A musical feast is about to be laid out in Juneau, and music lovers of all varieties can partake in a one-hour taste at a lunchtime show or a ten-day full course of performances, talks and workshops.
"Each element serves a different role in the festival," said artistic director Linda Rosenthal, who has been organizing the event for the past 23 years. "It's like a big banquet."
Over the next few days, world-renowned musical groups and soloists will converge in Juneau, some from as far away as Boston and New York, others from as close as Seattle and Juneau itself. Rosenthal, in addition to being artistic director, is a classical violinist, as is her husband, Paul Rosenthal. The Rosenthals are the only locals who will be performing this year.
The music gets started Friday night with a performance by Chicago-style blues guitarist and singer Kal David. David, who played lead guitar for Etta James and John Mayall in addition to building his own solo career, comes to Juneau with his band, The Real Deal, and wife, singer Lauri Bono. He will perform Friday at Centennial Hall, and also during two Blues Cruises on Saturday. (See a profile of Kal David here.)
The Blues Cruise tradition began in the fifth or sixth year of the festival and has become a very popular part of the week. Rosenthal said the talent, the scenery and the intimacy of the boat combine to make an enticing combination.
"If you have a front row seat you're two feet away from Kal. If you're midway (back) you're 10 feet away," she said. "The energy just crackles."
Rosenthal said the first time she brought a blues act to the festival, the community was quick to show their appreciation.
"It was just wildly popular," she said. "People had so much fun. It was clearly a genre that we had to keep."
Violinist Gilles Apap is next on the docket, performing Sunday night at Northern Light United Church. Rosenthal said that although Apap is a classical violinist, and will perform works by Debussy, Bartok and Bach, he is also very involved in folk traditions from around the world - from bluegrass to Indian to Eastern European. Audiences can expect to hear both at his show.
"He has amazing classical training, but at some point in his 20s he discovered he had a passion and a real talent for other kinds of music, folk music especially," she said.
On Wednesday evening, Manhattan Brass will perform, a group that also tends to shape-shift when it comes to musical genres. Made up of two trumpets, two trombones and a horn, the classical group is equally passionate about jazz -- though Rosenthal said their performance at the Juneau Arts & Culture Center won't be a jazz program. They will play selections from Monteverdi and Bach, as well as some contemporary classical pieces, including one written by Bruce Adolphe, a composer also taking part in this year's festival.
"This is where we'll have the infusion of contemporary classical music," Rosenthal said. "They really span centuries."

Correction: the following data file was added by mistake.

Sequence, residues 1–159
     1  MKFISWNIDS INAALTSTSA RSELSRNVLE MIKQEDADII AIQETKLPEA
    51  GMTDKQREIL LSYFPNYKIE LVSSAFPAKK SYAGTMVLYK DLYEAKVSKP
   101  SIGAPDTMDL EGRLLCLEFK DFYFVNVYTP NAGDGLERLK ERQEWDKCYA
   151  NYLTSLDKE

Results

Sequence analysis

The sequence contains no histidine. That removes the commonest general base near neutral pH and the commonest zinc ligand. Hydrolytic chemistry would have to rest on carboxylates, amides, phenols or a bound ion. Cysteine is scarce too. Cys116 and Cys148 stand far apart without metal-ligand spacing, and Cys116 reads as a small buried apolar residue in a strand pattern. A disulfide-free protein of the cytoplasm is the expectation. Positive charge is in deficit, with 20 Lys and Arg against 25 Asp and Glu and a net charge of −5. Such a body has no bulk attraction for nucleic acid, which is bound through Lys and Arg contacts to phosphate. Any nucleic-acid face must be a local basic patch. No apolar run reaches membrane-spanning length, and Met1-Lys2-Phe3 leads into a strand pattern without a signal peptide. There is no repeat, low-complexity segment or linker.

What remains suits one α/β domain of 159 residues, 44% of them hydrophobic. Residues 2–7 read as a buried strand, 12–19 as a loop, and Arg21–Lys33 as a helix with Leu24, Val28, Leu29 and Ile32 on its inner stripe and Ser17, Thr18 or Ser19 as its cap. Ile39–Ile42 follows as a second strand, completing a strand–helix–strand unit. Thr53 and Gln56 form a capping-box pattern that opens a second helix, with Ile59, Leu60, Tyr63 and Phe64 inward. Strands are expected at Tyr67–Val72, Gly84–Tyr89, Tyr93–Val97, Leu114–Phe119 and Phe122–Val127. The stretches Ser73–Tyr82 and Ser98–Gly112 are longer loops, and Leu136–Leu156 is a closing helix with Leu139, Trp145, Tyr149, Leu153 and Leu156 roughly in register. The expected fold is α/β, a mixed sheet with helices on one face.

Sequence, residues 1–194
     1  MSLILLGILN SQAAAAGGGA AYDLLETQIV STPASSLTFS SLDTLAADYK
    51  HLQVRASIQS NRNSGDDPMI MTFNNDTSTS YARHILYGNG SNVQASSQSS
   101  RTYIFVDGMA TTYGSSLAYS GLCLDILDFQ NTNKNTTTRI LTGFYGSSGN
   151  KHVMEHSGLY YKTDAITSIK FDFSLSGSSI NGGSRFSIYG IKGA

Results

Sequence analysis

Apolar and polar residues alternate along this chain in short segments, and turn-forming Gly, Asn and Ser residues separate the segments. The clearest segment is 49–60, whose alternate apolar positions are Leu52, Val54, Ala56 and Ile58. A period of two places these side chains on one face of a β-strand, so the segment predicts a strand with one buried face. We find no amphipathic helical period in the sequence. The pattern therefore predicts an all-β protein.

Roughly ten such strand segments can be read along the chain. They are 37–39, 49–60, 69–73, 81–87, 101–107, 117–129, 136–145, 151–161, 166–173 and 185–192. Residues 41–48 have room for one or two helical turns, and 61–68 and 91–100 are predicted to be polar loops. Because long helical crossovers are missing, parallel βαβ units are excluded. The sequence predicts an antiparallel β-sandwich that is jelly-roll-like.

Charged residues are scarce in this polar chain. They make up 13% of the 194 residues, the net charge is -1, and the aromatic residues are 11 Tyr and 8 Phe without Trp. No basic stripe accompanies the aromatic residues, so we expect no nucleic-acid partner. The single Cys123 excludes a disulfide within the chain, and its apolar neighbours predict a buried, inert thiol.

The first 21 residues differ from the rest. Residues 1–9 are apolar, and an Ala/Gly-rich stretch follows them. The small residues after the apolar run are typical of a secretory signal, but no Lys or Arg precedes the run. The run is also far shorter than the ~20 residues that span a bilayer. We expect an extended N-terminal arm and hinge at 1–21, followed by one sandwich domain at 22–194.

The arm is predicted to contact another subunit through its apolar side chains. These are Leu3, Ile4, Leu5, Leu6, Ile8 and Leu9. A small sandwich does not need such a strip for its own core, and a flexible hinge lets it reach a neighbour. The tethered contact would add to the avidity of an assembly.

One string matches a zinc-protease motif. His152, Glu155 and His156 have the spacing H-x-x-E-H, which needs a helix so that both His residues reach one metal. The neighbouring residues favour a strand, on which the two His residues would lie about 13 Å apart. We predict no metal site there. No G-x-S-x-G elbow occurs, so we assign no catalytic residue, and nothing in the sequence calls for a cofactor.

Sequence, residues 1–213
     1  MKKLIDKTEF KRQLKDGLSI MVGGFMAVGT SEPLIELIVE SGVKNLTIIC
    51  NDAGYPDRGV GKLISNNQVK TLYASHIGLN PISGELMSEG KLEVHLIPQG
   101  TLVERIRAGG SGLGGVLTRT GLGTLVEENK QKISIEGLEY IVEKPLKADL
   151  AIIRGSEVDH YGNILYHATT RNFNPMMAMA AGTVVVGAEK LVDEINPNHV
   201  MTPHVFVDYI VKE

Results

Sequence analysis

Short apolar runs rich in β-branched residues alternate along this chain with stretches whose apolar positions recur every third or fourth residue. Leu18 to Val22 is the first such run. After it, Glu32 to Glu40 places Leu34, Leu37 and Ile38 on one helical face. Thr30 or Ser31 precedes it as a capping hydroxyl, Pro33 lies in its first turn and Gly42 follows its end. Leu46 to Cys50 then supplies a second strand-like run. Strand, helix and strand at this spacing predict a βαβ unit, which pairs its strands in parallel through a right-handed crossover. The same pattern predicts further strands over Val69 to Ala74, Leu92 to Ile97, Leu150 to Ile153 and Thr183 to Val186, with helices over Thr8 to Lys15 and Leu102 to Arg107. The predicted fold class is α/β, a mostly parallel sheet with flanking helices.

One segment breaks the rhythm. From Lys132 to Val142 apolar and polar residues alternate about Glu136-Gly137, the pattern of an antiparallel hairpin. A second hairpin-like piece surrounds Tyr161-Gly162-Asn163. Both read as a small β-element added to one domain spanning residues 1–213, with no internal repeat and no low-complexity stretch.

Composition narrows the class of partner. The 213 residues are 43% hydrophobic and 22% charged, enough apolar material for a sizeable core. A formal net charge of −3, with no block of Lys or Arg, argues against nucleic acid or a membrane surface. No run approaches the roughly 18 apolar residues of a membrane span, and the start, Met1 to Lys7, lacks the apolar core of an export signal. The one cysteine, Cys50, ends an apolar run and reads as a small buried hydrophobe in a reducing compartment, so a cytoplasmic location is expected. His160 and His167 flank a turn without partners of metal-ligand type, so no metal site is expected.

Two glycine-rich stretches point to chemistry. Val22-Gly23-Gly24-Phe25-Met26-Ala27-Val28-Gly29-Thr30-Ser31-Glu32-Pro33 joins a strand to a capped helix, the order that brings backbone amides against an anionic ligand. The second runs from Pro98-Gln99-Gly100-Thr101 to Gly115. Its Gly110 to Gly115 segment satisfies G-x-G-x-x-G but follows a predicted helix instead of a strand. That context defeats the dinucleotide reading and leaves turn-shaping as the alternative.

Thursday evening at Chapel by the Lake, an "Opus 50" concert has been organized in honor of Alaska's 50th anniversary, providing a thematic umbrella for the selections.
"Its a fun and interesting way to pay tribute to Alaska's statehood," Rosenthal said.
One of the pieces is Tchaikovsky's Opus 50, Trio in A minor, a complicated work that will be described in a brief talk led by Adolphe at 11 a.m. Thursday at Centennial Hall. Later that day, at 6:30 p.m., he will give a pre-concert talk on the other pieces being performed, including one of his composition's (an exception to the "Opus 50" theme).
"He'll give an overview of each piece," Rosehthal said. "But the Tchaikovsky warrants its own time."
Musicians performing during the "Opus 50" concert include Rosenthal and her husband, Paul; pianist Marija Stroke (Adolphe's wife); Harumi Rhodes, a violinist from Boston; and cellist Evan Drachman.
The Anat Cohen Quartet heads up Friday's entertainment. Cohen, a dynamic saxophone and clarinet player, is this year's Jazz Artist in Residence. At the Juneau Arts & Culture Center she'll be joined by a pianist, bass player and drummer in selections that blend jazz, Arfo-Cuban, tango and classical styles.
Saturday is Community day, organized in order to showcase local talent as well as festival guests.
"It's a festival within a festival," Rosenthal said.
Later that day, Seattle-based gypsy jazz band Pearl Django will perform at the UAS Egan Lecture Hall, first in a 5 p.m. show and then as part of "Puttin' on the Ritz," the festival's combined jazz and classical concert. Pearl Django has been on Rosenthal's radar for years, partly because violinist Michael Gray used to live in Juneau. Now based in Seattle, the group plays original works in addition to covers, and is inspired by gypsy jazz pioneer Django Reinhardt, who played in and around Paris in the '30s.
Sunday, May 24, things will wind up before they wind down, with a dance and concert by the subdudes, a New-Orleans funk band that combines blues, jazz, Cajun and roots music. The event takes place at Centennial Hall.
In addition to the concerts, two local workshops will also be held, one on May 17 and one May 19, giving local musicians a chance to work with Apap, Cohen, Drachman and others. Like the Alaska Folk Festival, community outreach is part of the jazz and classics tradition, and part of what Rosenthal loves about the event. After 23 years, she says she still loves pulling it all together.
"It's a joy," she said.
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